French v. Astrue
ORDER denying 20 Motion for Judgment on the Pleadings; granting 22 Motion for Judgment on the Pleadings; and adopting 26 Memorandum and Recommendation - Signed by District Judge Louise Wood Flanagan on 03/31/2014. (Baker, C.)
IN THE UNITED STATES DISTRICT COURT
FOR THE EASTERN DISTRICT OF NORTH CAROLINA
CAROLYN W. COLVIN,
Acting Commissioner of Social Security,
This matter comes before the court on the parties’ cross motions for judgment on the
pleadings (DE 20, 22).1 Pursuant to 28 U.S.C. § 636(b)(1) and Federal Rule of Civil Procedure
72(b), United States Magistrate Judge Robert B. Jones, Jr., issued memorandum and
recommendation (“M&R”) (DE 26) recommending that the court deny plaintiff’s motion, grant
defendant’s motion, and that the final decision by defendant be affirmed. Plaintiff timely filed
objections to the M&R and the time in which to respond has passed. In this posture, the issues
raised are ripe for ruling. For the reasons that follow, the court adopts the recommendation of the
Plaintiff filed an application for Disabled Widow’s Insurance Benefits (“DWB”) on April
6, 2009, alleging disability beginning on April 30, 2004. This application was denied initially and
upon reconsideration. Hearing was held before an Administrative Law Judge (“ALJ”) who
determined that plaintiff was not disabled during the relevant time period in a decision dated
Pursuant to Fed. R. Civ. P. 25(d), Carolyn W. Colvin, Acting Commissioner of Social Security, has been named as
defendant in this case in place of former Commissioner Michael J. Astrue.
November 19, 2010. The Appeals Council (“AC”), denied plaintiff’s request for review on August
14, 2012. Plaintiff filed complaint in the Eastern District of North Carolina on October 11, 2012,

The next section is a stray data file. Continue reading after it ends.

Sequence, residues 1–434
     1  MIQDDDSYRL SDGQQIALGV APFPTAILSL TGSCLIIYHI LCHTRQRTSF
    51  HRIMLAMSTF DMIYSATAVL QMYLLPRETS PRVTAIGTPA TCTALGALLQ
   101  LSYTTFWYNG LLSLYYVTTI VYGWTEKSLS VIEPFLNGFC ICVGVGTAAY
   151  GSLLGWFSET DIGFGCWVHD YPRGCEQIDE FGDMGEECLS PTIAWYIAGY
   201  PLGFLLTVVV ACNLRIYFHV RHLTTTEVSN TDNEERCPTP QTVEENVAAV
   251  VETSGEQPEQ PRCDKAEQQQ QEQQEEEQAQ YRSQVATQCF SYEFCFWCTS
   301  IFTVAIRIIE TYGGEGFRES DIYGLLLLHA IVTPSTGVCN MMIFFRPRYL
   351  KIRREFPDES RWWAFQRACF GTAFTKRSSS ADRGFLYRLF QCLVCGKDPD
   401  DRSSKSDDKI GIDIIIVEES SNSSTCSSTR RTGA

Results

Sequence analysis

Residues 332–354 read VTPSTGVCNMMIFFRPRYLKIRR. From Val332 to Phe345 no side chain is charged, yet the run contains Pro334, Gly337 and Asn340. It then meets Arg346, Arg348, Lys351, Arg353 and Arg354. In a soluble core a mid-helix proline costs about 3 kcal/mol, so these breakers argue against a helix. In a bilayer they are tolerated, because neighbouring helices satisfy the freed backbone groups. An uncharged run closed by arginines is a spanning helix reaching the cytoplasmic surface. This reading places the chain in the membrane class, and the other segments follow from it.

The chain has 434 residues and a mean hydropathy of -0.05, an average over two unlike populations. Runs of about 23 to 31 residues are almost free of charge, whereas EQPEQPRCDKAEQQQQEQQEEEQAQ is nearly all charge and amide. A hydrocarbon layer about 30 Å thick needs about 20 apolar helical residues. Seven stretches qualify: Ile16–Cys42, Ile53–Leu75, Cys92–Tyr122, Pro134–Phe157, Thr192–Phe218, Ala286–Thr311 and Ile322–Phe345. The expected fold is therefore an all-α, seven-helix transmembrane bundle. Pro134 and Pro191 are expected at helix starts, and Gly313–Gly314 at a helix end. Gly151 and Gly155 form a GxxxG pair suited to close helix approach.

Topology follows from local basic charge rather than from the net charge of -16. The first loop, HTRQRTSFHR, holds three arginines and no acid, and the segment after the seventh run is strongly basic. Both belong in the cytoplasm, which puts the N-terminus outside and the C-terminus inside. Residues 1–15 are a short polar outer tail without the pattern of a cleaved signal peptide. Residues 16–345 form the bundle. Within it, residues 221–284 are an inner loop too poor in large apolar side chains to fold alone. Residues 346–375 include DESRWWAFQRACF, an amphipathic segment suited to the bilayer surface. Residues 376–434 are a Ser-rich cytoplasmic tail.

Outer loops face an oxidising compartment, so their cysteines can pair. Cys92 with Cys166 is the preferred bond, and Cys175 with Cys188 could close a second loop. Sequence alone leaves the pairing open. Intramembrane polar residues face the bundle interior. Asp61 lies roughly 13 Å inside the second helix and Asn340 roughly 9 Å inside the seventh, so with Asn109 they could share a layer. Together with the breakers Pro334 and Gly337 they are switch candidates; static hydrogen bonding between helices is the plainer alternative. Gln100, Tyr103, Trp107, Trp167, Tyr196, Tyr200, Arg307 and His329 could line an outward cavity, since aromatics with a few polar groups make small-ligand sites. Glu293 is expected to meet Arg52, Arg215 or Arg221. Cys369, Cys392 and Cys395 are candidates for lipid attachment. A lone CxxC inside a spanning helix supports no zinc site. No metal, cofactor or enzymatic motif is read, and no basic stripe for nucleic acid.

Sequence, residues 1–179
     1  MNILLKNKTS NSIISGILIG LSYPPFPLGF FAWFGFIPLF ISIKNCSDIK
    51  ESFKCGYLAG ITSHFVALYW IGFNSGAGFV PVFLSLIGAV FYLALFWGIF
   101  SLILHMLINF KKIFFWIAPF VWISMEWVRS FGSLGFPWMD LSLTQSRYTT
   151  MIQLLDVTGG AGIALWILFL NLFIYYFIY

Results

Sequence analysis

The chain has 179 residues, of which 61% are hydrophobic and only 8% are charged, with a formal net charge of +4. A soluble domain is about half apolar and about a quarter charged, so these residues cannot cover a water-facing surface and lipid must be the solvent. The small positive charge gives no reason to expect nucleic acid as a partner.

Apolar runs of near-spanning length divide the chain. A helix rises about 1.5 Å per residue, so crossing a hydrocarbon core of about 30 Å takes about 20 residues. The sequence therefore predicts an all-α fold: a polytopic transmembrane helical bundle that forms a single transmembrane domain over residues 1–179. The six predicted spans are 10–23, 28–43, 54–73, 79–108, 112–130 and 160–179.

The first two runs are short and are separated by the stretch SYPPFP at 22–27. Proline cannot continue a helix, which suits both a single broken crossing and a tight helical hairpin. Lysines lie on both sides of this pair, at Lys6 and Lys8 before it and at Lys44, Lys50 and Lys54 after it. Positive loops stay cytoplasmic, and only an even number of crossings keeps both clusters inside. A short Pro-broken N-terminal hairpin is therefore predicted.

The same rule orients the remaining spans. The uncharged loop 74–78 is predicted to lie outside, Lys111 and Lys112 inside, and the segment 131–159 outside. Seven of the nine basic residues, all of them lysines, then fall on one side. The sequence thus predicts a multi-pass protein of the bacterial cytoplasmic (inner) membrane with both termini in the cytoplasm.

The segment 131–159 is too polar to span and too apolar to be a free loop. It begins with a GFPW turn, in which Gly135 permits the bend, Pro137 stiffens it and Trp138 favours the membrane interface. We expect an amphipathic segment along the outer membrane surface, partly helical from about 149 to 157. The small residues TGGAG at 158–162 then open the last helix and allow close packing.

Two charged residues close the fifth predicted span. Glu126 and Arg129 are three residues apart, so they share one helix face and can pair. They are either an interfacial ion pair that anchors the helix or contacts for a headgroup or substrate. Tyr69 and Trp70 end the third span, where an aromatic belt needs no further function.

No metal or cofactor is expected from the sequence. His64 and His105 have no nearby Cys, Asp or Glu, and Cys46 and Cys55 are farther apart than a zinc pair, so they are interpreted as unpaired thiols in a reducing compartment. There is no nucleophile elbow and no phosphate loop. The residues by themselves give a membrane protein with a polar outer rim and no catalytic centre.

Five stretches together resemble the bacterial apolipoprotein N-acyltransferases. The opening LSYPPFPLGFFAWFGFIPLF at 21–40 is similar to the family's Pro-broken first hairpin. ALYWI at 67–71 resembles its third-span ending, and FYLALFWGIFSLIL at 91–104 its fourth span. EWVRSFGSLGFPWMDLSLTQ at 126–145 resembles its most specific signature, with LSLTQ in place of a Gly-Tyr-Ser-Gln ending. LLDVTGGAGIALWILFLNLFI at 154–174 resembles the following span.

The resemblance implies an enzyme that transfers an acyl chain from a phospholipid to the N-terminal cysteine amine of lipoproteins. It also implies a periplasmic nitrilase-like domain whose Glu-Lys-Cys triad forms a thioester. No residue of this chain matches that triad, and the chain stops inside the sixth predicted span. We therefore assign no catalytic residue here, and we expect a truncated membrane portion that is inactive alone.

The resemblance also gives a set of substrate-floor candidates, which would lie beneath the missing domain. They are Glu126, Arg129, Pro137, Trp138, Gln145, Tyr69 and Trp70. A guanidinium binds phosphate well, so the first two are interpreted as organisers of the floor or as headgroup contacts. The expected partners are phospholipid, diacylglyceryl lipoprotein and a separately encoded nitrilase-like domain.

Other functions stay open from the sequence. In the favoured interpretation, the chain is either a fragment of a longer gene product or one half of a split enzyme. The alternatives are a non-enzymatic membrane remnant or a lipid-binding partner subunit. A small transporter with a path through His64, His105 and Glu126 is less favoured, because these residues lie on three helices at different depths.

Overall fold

for review of the final administrative decision.
Standard of Review
The court has jurisdiction under 42 U.S.C. § 405(g) to review the Commissioner’s final
decision denying benefits. The court must uphold the factual findings of the ALJ “if they are
supported by substantial evidence and were reached through application of the correct legal
standard.” Craig v. Chater, 76 F.3d 585, 589 (4th Cir. 1996). “Substantial evidence is . . . such
relevant evidence as a reasonable mind might accept as adequate to support a conclusion.”
Richardson v. Perales, 402 U.S. 389, 401 (1971) (quotations omitted). The standard is met by “more
than a mere scintilla of evidence but . . . less than a preponderance.” Laws v. Celebrezze, 368 F.2d
640, 642 (4th Cir. 1966).
To assist it in its review of the Commissioner’s denial of benefits, the court may “designate
a magistrate judge to conduct hearings . . . and to submit . . . proposed findings of fact and
recommendations for the disposition [of the motions for judgment on the pleadings].” See 28 U.S.C.
§ 636(b)(1)(B). The parties may object to the magistrate judge’s findings and recommendations,
and the court “shall make a de novo determination of those portions of the report or specified
proposed findings or recommendations to which objection is made.” Id. § 636(b)(1). Absent a
specific and timely filed objection, the court reviews only for “clear error,” and need not give any
explanation for adopting the M&R. Diamond v. Colonial Life & Acc. Ins. Co., 416 F.3d 310, 315
(4th Cir. 2005); Camby v. Davis, 718 F.2d 198, 200 (4th Cir.1983). Upon careful review of the
record, “the court may accept, reject, or modify, in whole or in part, the findings or